Choose your fighter
The most inexpensive motorcycles to modify are the motorcycles that have forgotten time and style and many are Japanese. That means the Honda CBs in capacities of 350, 360, 500, 550, and 750. Yamaha has the XS series, in capacity of 360, 400 or 650. Forget the XS500 or TX500, except when you have tons of time and money. Then there’s the SR400 and SR500 and even the Viragos get a lot of coverage now.
Be aware of the issues
Very likely all of these bikes would have the same problems, as they were all made at least 30 to 40 years ago. When bikes gained power with each new model year, we’re talking about the 70s, but the handling was missing behind.
Nearly every bike was sporting a disk brake up front by 1972-73. Noise from the intake was still visible, and the majority of wheels had wire spokes. For the most part, shocks were chrome spring holders, and low-hanging mufflers and centers triggered plenty of sparks (and crashes) at speed while cornering.
It really is a good idea to get a bike with decent accessibility of parts – plus a wide selection of aftermarket goodies. It is the start of a depressing journey to put a lot of effort into a bike that you can’t even buy a head gasket for.
Make a plan
You need a few things. It’s a must start from a place and gather information. You can do what? What is it you should be doing? Where can you find out what, and who can you ask?
If you are searching the web and seeing pictures of 70s racing machines and hot-up street bikes, you will find some hints. Typically, the stance had changed, just like the tires. Aluminum rims substituted steel and the installation of generic aftermarket shocks and fork kits.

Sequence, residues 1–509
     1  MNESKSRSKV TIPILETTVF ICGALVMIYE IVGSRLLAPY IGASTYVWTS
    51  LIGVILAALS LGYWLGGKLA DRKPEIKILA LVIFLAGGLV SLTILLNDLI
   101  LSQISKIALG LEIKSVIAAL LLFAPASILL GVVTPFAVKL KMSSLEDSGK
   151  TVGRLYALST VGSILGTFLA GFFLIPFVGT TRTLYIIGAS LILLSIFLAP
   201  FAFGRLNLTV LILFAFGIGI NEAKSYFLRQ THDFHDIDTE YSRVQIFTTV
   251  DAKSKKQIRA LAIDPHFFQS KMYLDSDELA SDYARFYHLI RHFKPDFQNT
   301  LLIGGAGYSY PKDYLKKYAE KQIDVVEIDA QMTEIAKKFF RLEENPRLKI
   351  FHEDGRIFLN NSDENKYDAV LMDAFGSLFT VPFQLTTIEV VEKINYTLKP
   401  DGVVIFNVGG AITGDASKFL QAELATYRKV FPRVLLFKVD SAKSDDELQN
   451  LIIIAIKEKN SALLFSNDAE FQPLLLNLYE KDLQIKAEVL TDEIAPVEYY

You’ll have to dive a little further into the engine/performance department: the pictures below only show the external modifications. You will find air cleaners, larger and better carbs, and exhausts, and maybe some sort of oil-cooler. You will need to read posts from old magazines that have hop-up tips relating to your bike to get an insight into the internal modifications.
Don’t cut suspension budget
It’s certainly vital that the dampening and spring levels suit the weight of your bike and yourself as closely as possible, taking into account what sort of riding you’re going to do. Buying a brand name shock that is not matched, that is already used or that is designed for a race bike may not produce any improvement.
Learn from others
The common theme on all these bikes is to give a crap about the set-up of the frame, bring the motor back to “Blueprinted” stock at least and then use all the same hot rodding techniques racers have used since the internal combustion engine was invented.
If you are considering building the cafe racer, check the 12 Myths About Cafe Racers 2 seater.